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Partner Spotlight: Zaida Basora

William Howell, Jr. “Architecture is beauty and beauty must be accessible to everyone.”

-Zaida Basora

During Architecture Month, the CTE Department had the honor of interviewing industry partner Zaida Basora, Executive Director of the American Institutes of Architects (AIA) in Dallas. She is a registered architect and sustainability advocate with over 35 years of experience in design, construction, contracting and public policy. Zaida is also an active member in Dallas ISD’s Industry Leadership Council (ILC) and is a great support and advocate to Dallas ISD campuses that offer the Architecture and Construction career cluster.

How important is it for high school students of today to become architects of tomorrow?

Studying architecture at the high school level is great for design thinking and problem-solving skills. This career area is known as a minority compared to any other industry with only 100,000 architects in the USA. Having more architects join the workforce can impact the community and we have a need for architects in government to bring in different points of view and solutions to everyone’s needs. If we have more architects, we can address community issues from a holistic lens. This includes better designs of the community, parks, transportation, neighborhoods and shopping areas. Students must learn how to make the community thrive through the study of architecture.

What do you look forward to in growing the next generation of Architects?

Children need to be exposed to this career at an earlier age. There is not a lot of knowledge out there about what architects do and what architecture is. Also, how do people perceive architecture and making people more aware of what we do. Our profession can come across as if there is not a lot of inclusion and we need to increase the diversity in architecture. We are looking to increase the pipeline of architects from every ethnic group and gender so that all students will know that this is a career path for everyone. There is a need to have a presence and voice in all the communities where we have architects to help people learn about who we are and how we bring value to all communities.

Through efforts of the Education Outreach committee, we are seeking resources in architecture education to include learning the gaps and how can we successfully fill these gaps with spring break and summer camps, as well as quality collaborations in the classroom.

What would you say to any student who is interested in Architecture?

If you want to learn more, contact and visit us and AIA will be happy to have discussions about this area. Our organization is willing to conduct one-on-ones with student who want to learn more about architecture. Studying architecture prepares students for a variety of careers. If through the journey they discover that the traditional design in the architecture path is not the right path for them, the knowledge and skills gained will serve them for additional careers.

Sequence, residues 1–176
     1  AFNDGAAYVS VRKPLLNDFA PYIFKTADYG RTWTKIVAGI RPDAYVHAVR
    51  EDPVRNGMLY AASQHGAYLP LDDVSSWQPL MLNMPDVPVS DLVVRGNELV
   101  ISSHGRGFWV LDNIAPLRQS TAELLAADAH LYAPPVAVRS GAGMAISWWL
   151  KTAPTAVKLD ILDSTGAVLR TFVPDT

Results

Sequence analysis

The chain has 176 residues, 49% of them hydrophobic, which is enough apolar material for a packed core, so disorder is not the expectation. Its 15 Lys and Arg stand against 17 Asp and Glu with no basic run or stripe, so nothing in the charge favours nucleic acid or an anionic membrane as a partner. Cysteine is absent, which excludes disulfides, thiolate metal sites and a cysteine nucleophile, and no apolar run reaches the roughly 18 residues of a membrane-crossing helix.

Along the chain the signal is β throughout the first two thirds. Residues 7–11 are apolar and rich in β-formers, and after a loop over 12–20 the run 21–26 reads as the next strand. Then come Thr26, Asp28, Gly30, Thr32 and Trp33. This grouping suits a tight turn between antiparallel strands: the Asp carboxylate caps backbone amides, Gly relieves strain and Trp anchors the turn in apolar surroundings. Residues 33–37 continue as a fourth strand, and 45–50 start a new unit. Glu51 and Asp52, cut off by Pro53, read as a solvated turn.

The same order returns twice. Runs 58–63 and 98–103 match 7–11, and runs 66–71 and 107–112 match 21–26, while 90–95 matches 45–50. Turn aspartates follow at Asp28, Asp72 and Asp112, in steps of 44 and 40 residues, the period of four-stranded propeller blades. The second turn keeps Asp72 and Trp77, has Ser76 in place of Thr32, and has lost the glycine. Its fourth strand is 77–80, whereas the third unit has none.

What is an interesting fact about Architecture that students should know?

You don’t need to be good at drawing to be an architect! There are preconceptions that you must be good at math, you must be good at art, or you must be good at drawing. None of these are necessarily true or false, however, they can be learned. Students must have a curious mind and bring that one thing that is special about them to architecture. If students are creative and think they can improve their world and/or improve the world of others, architecture may be the right pathway. There are a lot of technical skills that can be learned, but students’ imagination, creativity, being inquisitive, and having a growth mindset to learn about architecture is a great way to contribute to this career.

How important is it for industry partners to commit to supporting students in Dallas ISD with growing the future workforce?

It is critical for students to see themselves in a professional role. When students get exposed to professionals, they know that what they are doing is important. There’s that feeling if someone from the workforce is coming to look at your work and give you feedback, then your work is important. For example, many of the partnerships that we have with City Lab High School allow students to participate in AIA summits, in which architects provide feedback and advice on student projects. This exposure prepares students to present to others and students understand they are preparing work that will be represented and viewed by professionals. The most important thing about industry partners committing time to Dallas ISD students is the ability to become a role model to others, the ability to share your knowledge, and the ability to give students continuous opportunities to know that they are important. Overall, students are producing work that is relevant to the world of architecture.

For more information about AIA, visit the website HERE.